By John Alan Cohan, Attorney at Law
A new Tax Court case involved $1.3 million in deductions for amounts that Scott and Debra Householder paid to a thoroughbred horse-leasing operation called ClassicStar for leases that turned out to be a scam. [Householder v. Commissioner, T.C. Memo. 2018-136.]
The operation was a Thoroughbred mare-leasing and breeding program. The taxpayers leased mares from ClassicStar, paid for their board and stud fees, and owned any foals that resulted. Prepayments of all expenses would generate net operating losses that could be carried back five years, and any income from the sale of yearlings would be capital.
In order to support material participation and therefore claim losses, the taxpayers made records of their participation in a journal, opened a checking account for the “equine business” and created an LLC entity to which they transferred their mare-leasing interests. The checking account was also used for unrelated expenses (utility bills, monthly car payment). ClassicStar’s VP advised them that “regular, continuous and substantial participation” meant they should keep a log to document time spent in conference calls, visits to the ClassicStar facilities, attendance at horse races, watching horse races on TV and reading equine magazines.
The taxpayers lost in Tax Court, mainly on grounds that this was a “passive activity” in which they did not materially participate. Also, the court found that the leasing operation was nothing more than a poorly operated tax scheme.
For example, in one year, the mare lease said the taxpayers “desired to lease from ClassicStar the mares on the attached schedule A.” But there was no schedule A. Horse breeders don’t usually sign agreements without knowing what horses are involved because the characteristics of the specific horses are what determine whether a breeding operation will be successful. The court said the taxpayers paid hundreds of thousands of dollars to breed horses without knowing which horses were to be bred.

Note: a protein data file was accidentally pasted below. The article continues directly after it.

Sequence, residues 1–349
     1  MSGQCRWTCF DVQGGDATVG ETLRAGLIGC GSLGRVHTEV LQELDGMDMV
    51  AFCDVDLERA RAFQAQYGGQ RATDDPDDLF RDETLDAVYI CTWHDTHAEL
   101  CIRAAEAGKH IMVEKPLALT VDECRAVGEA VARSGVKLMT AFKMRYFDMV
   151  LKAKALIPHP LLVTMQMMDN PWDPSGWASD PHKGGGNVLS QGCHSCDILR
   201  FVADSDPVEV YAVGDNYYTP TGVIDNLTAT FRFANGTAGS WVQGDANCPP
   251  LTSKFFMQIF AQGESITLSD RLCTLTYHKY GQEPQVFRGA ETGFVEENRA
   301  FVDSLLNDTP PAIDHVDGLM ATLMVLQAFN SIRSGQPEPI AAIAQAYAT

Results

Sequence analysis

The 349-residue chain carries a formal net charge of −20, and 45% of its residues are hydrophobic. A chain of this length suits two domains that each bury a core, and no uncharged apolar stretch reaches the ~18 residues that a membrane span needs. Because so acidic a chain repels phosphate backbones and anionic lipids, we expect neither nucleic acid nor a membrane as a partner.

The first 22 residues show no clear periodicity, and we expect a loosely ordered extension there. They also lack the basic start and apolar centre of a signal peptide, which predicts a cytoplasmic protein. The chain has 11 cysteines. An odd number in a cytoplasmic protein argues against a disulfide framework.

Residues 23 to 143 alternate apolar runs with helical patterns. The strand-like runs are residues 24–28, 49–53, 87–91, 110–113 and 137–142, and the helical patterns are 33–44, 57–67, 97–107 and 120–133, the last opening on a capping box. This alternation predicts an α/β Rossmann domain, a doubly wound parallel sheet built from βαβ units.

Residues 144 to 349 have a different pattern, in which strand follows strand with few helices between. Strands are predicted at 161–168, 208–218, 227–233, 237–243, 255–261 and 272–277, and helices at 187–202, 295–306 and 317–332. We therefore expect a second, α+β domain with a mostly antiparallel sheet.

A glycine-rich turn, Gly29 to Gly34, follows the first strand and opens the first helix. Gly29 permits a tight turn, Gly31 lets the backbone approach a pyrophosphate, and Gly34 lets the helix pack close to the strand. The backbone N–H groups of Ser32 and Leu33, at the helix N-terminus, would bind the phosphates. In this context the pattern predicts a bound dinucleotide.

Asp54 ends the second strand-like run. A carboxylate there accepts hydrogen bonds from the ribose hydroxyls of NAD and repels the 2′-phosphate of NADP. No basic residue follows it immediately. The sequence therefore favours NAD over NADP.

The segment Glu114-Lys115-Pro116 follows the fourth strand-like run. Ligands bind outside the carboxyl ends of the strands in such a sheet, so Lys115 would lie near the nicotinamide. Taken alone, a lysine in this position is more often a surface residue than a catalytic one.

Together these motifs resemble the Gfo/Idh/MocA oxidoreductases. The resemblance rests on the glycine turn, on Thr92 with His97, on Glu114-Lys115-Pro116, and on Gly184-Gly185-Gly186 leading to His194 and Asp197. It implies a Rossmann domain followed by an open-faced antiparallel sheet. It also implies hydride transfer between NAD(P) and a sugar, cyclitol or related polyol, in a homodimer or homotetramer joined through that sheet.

Another agreement was “to board and care for the mare or mares described on the attached schedule A” – though this agreement lacked a schedule A as well. Another agreement made ClassicStar the nominee for “the foals set forth on Exhibit A attached,” but there was no such exhibit.
In other years there were schedules that listed pairings of thoroughbred mares with quarter horses and cutting horses.
During the breeding season ClassicStar didn’t tell the taxpayers whether any pregnancies had begun or anything else about the mares, and the taxpayers did not inquire.
There were other problems as well, too complicated to get into here. But in the end, the IRS raided ClassicStar’s office and charged the organizers with conspiring to defraud the United States by impairing and impeding the IRS with their mare-leasing program. In a plea agreement, it was admitted that the principals helped people take tax deductions they weren’t entitled to, that they did not own enough mares for the breeding program, and that they had helped people under audit provide misleading and back-dated documents to the IRS.
The problem of material participation comes up often in tax cases. For taxpayers to deduct losses in a venture, they need to document the level of their participation so as to satisfy the material participation test.
In the present case the taxpayers had a handwritten “participation log” that covered meetings with ClassicStar staff, reading equine magazines, reading emails and articles of interest, and planning and going to Breeder’s Cup weekend, the Kentucky Derby and other events, meeting other ClassicStar clients, and going on farm tours.
The court said that material participation does not include reading magazines about animal husbandry, talking with other breeders, and thinking about breeding issues. Activities that investors might ordinarily do to monitor an investment are not counted unless the individual is directly involved in the day-to-day management or operations of the activity.
The court also found that the amounts paid for leasing, breeding and boarding mares were grossly inflated and unwarranted.
To satisfy the material participation test the time spent on the activity must be genuine and not logged principally to avoid the disallowance of any loss from the activity. The court said: “Virtually every hour they spent was done to show material participation so they could avoid disallowance of losses, which means those hours don’t count toward material participation.” The court said that in any event the taxpayers were not engaged in a “trade or business” in that they never intended to make a profit, but only to incur losses to offset the income they expected from other sources.
John Alan Cohan is an attorney representing people in federal and state tax disputes, IRS appeals, and Tax Court litigation, and is a long-standing author of a legal advice column published in numerous sporting magazines. In addition, he advises organizations on compliance with newly enacted laws and regulations. John is also author of the book, Turn Your Hobby Into A Business — The Right Way. He can be reached at: (310) 278-0203, or email at firstname.lastname@example.org. His website is JohnAlanCohan.com.